Tuesday, September 26, 2017
We arrived at the KOA, set up our tent and met our neighbors – Mike and his sister Chris. We made a beeline to Rocky Mountain National Park but by the time we got there the visitor center had closed. We turned around and hit a grocery store for some items then returned to camp where I cooked up a big tasty pot of chicken soup for the cold night ahead.
A mule deer and an elk kept me company in the field just across a dirt lane near our campsite. The doe was not very afraid of me and came up looking for a handout – which was not forthcoming.
Later Mike, a fellow photography enthusiast, and I sat at his picnic table with our laptops sharing photos and tips and stories. Before I knew it, it was nearly 10:00! Time for bed.
Wednesday, September 27th, 2017
It was a cold night, but our little space heater kept us warm and we headed out first thing in the morning to hike Bear Lake, and then we hiked up to Nymph Lake, a half-mile 260 ft. elevation gain. We wound up at 9,200 foot elevation and we both could feel it. We were winded. That hike up to Nymph Lake felt more like a mile and 800 ft. elevation gain. Despite my sciatica acting up, and my knee complaining, I got there and even contemplated going up another half-mile to Dream Lake, but Alan convinced me not to go.
We left Bear Lake and drove down through the park to explore and discover the Aspen and the Elk which were in the height of their breeding season, a.k.a. RUT. As far as the elk were concerned, we were not disappointed at all. Our first experience at the park was with a huge bull elk who had a very large harem of cows. He was full of himself and was not about to let anyone, human or elk, near his girls.
The next “show” we saw was this same bull elk snagging four cows from three other young bull elk because they got just a bit too close. The three younger elk seemed to not know what to do after losing their girls, but they definitely knew not to challenge the bigger fellow.
Alan and I noticed some areas that were fenced off in the meadows. We never did find out what they were for, but Alan had some fun with them.
The last viewing we had of some elk were of another big bull with a huge harem of cows, and two other bull elk bachelors nearby.
He ended up running at the other two, but not before I fell down on the pavement, hurting my knees and banging my camera so bad that the auto-focus ceased to work. Fortunately, after some fiddling around with the camera, it got it in proper working order again. Whew! Love my Nikon!
Thursday, September 28, 2017
It rained all night long, and was still raining when we got up. We thought that breakfast at McD’s would fit the bill and we passed some time there waiting for the rain to let up enough to break camp. It finally stopped raining and we went back to camp and broke down. Halfway through our efforts it started to sprinkle a little bit, but we are efficient at this and got it done before anything got overly wet.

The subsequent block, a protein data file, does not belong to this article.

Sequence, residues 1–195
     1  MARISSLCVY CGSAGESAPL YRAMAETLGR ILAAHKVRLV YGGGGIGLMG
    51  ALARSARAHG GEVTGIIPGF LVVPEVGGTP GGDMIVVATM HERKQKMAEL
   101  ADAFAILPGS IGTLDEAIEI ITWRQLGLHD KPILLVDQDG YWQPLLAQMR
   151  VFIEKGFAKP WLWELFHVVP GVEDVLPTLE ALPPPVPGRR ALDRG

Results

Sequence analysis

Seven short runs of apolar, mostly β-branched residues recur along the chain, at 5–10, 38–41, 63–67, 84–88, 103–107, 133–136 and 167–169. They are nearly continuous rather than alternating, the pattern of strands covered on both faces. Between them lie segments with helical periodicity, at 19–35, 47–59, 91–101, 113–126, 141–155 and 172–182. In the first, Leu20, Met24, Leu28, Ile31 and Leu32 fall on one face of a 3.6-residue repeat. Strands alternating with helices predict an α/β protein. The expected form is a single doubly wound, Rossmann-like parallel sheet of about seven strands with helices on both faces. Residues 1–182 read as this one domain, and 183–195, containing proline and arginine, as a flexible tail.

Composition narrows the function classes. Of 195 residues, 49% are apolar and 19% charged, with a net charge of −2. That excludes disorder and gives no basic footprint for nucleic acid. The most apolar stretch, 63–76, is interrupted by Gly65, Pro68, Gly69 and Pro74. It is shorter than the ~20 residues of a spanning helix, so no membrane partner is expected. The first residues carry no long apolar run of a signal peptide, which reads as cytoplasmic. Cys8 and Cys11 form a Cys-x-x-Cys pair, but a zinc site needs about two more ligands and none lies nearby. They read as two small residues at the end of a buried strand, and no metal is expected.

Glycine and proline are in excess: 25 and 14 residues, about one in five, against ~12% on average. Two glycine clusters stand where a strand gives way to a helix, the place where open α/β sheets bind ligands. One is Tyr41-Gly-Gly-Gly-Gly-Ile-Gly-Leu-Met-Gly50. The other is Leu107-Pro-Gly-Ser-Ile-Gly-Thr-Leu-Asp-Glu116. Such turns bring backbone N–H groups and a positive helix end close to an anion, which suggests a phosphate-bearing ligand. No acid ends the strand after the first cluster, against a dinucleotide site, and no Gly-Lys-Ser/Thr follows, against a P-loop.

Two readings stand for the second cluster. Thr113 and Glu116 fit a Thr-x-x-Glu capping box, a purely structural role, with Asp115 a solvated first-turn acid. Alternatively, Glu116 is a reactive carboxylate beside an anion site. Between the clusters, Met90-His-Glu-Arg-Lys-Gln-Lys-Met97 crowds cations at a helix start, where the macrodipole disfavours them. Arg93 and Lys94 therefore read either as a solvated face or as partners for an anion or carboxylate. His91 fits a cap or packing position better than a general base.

Once we were back in the truck we headed to the park and inquired about road closures. Naturally, the roads we’d planned to take around the park were closed due to snow and ice. We fell back to Plan B and headed out on the Peak to Peak Scenic Byway (highway 7 mostly). I used this opportunity to look for some “just right” settings of golden colored Aspen. We found several that almost fit the bill, and I took lots of pictures. We also hiked around a pretty lake, socked in with clouds and mist, and cold as a witch’s heart.
After driving the Byway we went back to Estes and got a good hearty hot lunch to warm us up. Soup and tea for me please! From there we drove to the library where I spent the next few hours catching up on this blog.
In the evening we went to check in to The Stanley Hotel. Well known as the scene for Stephen King’s book, The Shining. It is an historic hotel listed on the National Register of Historic Places, and purported to be haunted. Alan took me out to dinner to The Twin Owls restaurant – we got to wear the fancy duds we’d brought with us for the first time – then we went on a haunted tour of the hotel. Fun.
The Stanley offers a few different tours, one of which is a night-time haunted tour, which provides insights into different locations of the buildings, history and stories. We were shown how to do a paranormal exercise to do with simple #2 pencils. I did this with one of the other tour guests and it freaked me out!
Our room at the Stanley was so warm we had to open all three windows and turn on an oscillating fan even though the temperature was 50 degrees outside. With those measures in place we both slept well.